These examples are a good indication of what you will experience during a hypnosis session, except your trance-like state will be guided by a trained professional.
While you are under hypnosis, the goal will be to explore your subconscious mind to gain a deeper understanding of your deepest desires and transform your perspective, so it’s more receptive to creative problem-solving.
New ideas that emerge during the hypnotic state will not dissipate when you come out of it. Instead, they will influence your subconscious into making healthier, wiser decisions.
How Does Hypnosis Work?
Ninety-percent of our thought processes occur beneath the surface, away from conscious reflection. However, they have a profound effect on our actions and how we think and feel.
In a lot of cases, our subconscious does us proud (I feel good when I’m exercising). However, some of our subconscious programming can be counterproductive to our goals (eating ice cream makes me feel better after a hard day’s work, and I deserve it).
The subconscious mind does not work with logic or reason, and so it’s programs can become outdated and out of sync with your goals.
Hypnosis relaxes your conscious mind to open a direct pathway to your subconscious mind so a skilled practitioner can alter the programming and bring it more in line with your desires. When the subconscious mind is brought in line, it becomes a relatively simple matter to change your behavior.
The Science Behind Hypnosis
When you undergo hypnosis, you will be guided through a series of repeated messages and images until you reach a state of deep relaxation. Once you are completely relaxed, you will be able to access your subconscious mind and explore the thoughts and memories that dictate how you behave.
When you can observe your thoughts from a distance, you will recognize that they have no power over your actions or define you in any way.
Hypnosis can make you more receptive to new information, and messages to which you may not have been so susceptible otherwise. Regarding weight loss, the new message could be, “I can make healthier food choices and lose weight.”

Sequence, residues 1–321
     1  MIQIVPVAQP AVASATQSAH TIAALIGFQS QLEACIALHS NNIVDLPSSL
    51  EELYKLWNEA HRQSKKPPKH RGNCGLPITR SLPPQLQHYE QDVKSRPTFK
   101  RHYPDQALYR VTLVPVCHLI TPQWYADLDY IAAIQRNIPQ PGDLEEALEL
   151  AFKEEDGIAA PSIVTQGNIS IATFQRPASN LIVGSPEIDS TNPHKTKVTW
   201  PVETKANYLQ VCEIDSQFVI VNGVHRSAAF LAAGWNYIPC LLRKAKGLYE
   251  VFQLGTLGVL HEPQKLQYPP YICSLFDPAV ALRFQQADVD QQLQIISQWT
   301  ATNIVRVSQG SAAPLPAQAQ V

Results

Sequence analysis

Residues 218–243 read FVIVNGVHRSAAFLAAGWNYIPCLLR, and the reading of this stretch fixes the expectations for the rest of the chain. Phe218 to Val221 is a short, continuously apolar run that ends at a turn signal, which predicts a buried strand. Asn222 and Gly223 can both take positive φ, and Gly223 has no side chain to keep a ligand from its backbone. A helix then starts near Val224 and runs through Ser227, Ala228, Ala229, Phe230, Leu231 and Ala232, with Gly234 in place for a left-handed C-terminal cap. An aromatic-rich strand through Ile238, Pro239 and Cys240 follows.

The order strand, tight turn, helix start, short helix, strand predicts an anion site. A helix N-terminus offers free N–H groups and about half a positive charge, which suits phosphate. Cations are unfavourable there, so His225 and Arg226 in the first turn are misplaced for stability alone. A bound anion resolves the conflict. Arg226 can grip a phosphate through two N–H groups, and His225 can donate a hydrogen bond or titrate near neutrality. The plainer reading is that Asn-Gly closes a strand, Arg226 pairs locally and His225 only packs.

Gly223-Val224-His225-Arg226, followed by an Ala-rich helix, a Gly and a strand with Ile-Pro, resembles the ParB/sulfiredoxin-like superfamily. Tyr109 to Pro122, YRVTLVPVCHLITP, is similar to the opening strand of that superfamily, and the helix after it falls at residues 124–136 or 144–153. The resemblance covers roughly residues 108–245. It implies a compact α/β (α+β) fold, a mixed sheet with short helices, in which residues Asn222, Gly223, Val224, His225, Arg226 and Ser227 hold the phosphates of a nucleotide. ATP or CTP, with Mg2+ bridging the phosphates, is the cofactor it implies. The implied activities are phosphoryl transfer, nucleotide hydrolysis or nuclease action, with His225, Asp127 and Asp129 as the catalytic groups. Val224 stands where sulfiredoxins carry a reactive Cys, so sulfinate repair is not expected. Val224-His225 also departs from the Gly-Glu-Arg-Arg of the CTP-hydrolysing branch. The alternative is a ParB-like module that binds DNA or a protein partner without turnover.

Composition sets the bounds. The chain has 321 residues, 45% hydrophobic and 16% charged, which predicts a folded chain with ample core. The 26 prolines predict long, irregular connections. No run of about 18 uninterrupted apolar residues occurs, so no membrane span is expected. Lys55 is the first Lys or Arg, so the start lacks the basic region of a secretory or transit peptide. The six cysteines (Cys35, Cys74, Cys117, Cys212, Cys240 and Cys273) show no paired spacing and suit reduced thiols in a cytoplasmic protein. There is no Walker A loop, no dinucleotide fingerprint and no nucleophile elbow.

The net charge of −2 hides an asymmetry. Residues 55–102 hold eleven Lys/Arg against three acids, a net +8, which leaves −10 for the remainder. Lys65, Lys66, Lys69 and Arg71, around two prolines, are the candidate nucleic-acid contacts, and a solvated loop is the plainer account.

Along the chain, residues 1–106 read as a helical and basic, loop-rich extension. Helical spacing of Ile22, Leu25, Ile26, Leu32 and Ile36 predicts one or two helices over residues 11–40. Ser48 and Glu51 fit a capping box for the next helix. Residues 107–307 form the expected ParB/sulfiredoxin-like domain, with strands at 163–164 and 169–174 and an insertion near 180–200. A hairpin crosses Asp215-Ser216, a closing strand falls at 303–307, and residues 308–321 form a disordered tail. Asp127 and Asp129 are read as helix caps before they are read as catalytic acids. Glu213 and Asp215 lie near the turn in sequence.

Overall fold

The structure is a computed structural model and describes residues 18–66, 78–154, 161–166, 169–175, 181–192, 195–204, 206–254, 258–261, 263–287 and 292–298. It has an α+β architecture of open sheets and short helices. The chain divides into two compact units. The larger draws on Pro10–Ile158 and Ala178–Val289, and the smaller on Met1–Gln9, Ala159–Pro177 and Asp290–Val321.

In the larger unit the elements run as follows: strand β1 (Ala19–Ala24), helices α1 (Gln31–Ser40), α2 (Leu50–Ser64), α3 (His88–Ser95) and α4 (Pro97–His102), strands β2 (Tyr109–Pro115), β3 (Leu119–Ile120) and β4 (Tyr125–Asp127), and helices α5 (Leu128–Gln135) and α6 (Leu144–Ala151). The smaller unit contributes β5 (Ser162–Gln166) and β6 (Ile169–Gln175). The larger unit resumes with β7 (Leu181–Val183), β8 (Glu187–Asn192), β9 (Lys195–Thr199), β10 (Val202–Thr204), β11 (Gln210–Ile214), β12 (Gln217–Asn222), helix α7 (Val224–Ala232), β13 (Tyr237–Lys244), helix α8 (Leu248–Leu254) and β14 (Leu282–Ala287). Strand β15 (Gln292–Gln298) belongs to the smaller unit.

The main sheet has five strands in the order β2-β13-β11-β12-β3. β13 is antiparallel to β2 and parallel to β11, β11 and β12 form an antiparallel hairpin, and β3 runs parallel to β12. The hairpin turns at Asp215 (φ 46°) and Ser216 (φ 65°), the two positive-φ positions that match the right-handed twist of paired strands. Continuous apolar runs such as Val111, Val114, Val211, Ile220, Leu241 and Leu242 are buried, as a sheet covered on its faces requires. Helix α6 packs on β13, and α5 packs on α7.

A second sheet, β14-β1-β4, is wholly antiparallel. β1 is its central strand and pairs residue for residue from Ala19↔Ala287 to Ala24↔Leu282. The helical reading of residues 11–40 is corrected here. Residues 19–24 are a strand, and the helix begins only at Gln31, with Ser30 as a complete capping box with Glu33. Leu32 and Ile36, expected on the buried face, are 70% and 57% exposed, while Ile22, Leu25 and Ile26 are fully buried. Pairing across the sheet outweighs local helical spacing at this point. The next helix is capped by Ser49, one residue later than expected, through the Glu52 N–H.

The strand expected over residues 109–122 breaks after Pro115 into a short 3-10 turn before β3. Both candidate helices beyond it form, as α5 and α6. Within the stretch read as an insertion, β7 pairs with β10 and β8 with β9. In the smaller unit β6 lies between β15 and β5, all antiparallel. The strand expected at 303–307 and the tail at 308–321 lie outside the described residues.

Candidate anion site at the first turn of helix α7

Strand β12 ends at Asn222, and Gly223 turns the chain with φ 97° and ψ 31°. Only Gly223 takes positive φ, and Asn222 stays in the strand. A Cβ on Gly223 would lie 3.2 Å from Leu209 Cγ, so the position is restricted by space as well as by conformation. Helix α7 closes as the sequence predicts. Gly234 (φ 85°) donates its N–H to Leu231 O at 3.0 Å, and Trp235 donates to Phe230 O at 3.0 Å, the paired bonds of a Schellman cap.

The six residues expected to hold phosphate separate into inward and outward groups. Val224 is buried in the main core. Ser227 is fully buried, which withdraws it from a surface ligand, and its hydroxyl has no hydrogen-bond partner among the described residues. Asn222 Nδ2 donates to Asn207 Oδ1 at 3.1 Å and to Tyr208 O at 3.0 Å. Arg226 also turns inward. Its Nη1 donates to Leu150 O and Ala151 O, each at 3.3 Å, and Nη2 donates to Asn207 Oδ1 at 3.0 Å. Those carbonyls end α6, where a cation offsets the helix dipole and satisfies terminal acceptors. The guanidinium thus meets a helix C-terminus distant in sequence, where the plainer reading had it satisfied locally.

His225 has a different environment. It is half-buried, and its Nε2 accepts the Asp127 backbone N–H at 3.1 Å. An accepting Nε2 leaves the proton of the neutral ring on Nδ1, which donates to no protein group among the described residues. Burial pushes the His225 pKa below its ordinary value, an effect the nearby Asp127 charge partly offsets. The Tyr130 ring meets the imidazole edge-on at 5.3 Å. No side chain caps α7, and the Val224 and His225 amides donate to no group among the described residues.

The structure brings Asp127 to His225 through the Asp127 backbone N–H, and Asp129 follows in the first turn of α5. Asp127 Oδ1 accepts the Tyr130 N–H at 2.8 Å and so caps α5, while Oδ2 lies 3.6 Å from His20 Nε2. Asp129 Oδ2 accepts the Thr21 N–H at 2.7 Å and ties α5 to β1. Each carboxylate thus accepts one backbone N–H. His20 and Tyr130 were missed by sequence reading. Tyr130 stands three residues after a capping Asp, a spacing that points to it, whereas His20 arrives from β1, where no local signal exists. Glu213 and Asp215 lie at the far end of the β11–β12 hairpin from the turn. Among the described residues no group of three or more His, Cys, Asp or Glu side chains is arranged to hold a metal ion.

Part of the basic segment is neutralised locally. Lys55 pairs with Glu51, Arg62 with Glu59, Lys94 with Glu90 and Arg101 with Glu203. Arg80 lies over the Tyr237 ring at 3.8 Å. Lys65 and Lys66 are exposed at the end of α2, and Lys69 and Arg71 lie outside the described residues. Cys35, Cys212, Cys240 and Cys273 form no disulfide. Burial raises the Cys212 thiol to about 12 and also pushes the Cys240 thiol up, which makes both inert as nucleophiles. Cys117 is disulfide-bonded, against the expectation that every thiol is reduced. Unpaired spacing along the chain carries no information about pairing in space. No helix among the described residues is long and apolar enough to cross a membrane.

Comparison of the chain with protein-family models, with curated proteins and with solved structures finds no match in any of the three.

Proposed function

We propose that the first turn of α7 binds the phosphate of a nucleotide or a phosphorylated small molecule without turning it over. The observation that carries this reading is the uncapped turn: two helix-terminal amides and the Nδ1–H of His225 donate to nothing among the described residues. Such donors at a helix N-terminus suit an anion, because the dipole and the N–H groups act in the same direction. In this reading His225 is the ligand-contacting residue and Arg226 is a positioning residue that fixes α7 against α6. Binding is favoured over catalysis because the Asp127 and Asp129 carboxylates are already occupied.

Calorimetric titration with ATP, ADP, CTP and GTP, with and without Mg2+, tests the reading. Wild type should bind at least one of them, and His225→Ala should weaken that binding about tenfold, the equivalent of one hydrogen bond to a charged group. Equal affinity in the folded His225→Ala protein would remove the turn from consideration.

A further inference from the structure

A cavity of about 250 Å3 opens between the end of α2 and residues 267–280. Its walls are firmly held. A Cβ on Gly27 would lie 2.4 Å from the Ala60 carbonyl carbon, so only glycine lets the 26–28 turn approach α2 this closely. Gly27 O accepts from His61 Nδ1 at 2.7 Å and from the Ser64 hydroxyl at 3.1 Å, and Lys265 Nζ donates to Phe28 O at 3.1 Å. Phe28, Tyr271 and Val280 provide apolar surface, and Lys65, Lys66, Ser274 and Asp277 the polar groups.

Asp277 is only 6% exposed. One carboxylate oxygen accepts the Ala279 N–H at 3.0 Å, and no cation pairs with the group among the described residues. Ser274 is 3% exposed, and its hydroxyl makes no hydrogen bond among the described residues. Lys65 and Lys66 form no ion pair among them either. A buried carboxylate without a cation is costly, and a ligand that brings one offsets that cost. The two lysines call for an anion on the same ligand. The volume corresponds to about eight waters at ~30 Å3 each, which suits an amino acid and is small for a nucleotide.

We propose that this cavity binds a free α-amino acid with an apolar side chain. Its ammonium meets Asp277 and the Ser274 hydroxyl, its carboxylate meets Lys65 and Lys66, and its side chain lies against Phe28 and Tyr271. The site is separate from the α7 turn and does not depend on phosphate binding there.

Gaining control over your subconscious mind gives you more control over your life choices.
Science Shows Us How Hypnosis Works
Researchers at the Stanford University School of Medicine scanned the brains of people under hypnosis. According to Dr. Spiegel, this was the first such attempt at revealing brain activity during such a relaxed state.
Here’s what they discovered:
Lower levels of activity in the dorsal anterior cingulate, indicating that you are not worried about anything happening outside of the hypnosis state.
Signs that there is an increase in brain-body connection “that helps the brain process and control what’s going on in the body.”
Indications of a “dissociation between action and reflection,” showing that you can absorb new information and process it without overthinking.
When people are asked to imagine an event, the same parts of the brain show activity as if the individual was physically present at the event. This information shows that visualizing a desired behavior and associating it with positive feelings can make people comfortable with previously unappealing behaviors.
The research reveals what hypnotherapists have known all along, which is that hypnosis helps you focus on your goals, achieve a complete understanding of your experience, and make productive life-changing decisions by letting go of your self-consciousness.